It sounds like a load of hot air. But it’s now possible for some people to lose weight by inflating a balloon inside their stomach, according to the results of a new study.
The device, created by the California company Obalon, is a deflated balloon stuffed inside a small capsule. Attached to the pill is a thin catheter, and when it’s swallowed, the tube sticks out. Once the pill hits the stomach, the balloon is released, and a doctor pumps gas into the tube to inflate the balloon. The tube is then pulled out and the balloon remains, taking up room in the stomach and, in turn, curbing appetite. Multiple balloons can be inside the stomach at the same time.
“The balloons work by taking up space in your stomach and making you feel full earlier in the meal,” says study author Dr. Shelby Sullivan, assistant professor of medicine at Washington University School of Medicine in St. Louis. “Patients definitely feel more full and eat less with it.”
Obalon is currently approved in Europe, but hasn’t been approved by the U.S. Food and Drug Administration (FDA). The new trial, which was funded by the company, was designed to seek that approval. A similar approach, called an intragastric balloon, is FDA-approved, though it is not covered by insurance. One intragastric balloon company, called ReShape Integrated Dual Balloon System, received FDA approval in 2015; the balloons are filled with saline and the procedure costs $7,000-$9,000, according to the company.
It's unclear whether Obalon would be covered by insurance if it receives FDA approval, and the company has not yet decided on a price. Potential side effects, according to the website, are cramping, nausea and vomiting. (The final list of side effects has not been issued, as research is ongoing; there could be others.)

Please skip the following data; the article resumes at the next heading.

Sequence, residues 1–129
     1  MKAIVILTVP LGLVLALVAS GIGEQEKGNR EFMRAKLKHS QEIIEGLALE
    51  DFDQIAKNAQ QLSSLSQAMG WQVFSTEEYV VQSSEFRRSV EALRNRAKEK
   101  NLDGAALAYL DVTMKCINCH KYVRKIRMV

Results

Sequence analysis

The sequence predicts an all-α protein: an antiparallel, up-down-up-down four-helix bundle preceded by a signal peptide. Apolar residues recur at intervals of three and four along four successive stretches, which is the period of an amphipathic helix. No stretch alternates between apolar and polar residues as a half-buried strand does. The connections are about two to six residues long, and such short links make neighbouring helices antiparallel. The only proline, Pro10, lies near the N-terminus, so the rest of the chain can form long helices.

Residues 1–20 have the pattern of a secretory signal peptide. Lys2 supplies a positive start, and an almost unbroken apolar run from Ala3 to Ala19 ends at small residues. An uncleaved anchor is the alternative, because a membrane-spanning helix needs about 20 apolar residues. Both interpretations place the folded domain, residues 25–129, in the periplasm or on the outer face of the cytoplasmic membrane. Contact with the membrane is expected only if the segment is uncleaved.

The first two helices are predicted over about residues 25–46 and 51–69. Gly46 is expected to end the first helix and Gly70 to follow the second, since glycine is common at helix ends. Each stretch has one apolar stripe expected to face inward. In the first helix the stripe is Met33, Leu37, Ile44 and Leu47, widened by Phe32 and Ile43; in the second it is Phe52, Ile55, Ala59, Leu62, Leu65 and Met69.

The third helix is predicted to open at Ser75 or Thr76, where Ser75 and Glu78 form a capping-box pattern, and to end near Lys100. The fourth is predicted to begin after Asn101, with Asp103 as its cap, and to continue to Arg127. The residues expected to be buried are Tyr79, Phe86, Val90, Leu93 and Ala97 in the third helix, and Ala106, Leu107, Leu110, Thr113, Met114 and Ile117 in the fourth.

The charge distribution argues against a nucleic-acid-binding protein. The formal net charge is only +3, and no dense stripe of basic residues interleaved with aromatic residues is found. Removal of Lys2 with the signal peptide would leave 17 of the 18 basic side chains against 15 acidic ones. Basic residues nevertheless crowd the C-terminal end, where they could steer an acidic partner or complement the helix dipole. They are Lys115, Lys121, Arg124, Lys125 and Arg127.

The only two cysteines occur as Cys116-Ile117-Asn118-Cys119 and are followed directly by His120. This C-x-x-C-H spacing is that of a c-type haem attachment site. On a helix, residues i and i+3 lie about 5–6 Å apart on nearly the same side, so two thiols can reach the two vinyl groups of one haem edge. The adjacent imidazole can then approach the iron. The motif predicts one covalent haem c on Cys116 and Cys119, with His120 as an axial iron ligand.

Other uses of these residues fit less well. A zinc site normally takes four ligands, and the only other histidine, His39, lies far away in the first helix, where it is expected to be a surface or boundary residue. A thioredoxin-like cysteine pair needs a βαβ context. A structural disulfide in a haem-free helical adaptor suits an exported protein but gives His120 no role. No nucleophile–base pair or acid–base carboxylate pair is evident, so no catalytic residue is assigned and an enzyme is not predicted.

In the research, presented at the gathering of gastrointestinal experts known as Digestive Disease Week, Sullivan and her colleagues gave 387 people with obesity across 15 centers in the U.S. a trio of pills to take once every three weeks. Some were placebos, while other pills contained the balloon. Nobody could tell if they were getting the three balloons, because the sugar pills were also attached to a catheter. In addition to the pills, everyone in the study received lifestyle therapy.
At the end of six months, the balloons were removed by puncturing them with an injector needle.
People who swallowed the balloons lost 6.8% of their total body weight—nearly twice as much as the control group, which lost 3.5%. The balloon swallowers also had significantly improved blood pressure and cholesterol levels. And 64% of people who swallowed the Obalon pills lost at least 5% of their total body weight, compared to 32% of the control group. However, almost 90% of people in the study experienced side effects, mostly mild abdominal cramping and nausea.
“I think there are really a lot of people who can benefit from this therapy,” Sullivan says. “The reality is we’re treating very, very few patients adequately for obesity.”
Balloons alone won’t solve the rising rates of obesity. “While the devices can make you feel full earlier with a meal, they’re not going to make you want to eat broccoli or go out and exercise,” Sullivan says. That's why lifestyle changes in diet and physical activity are also important to incorporate. But for some, a little extra air appears to help.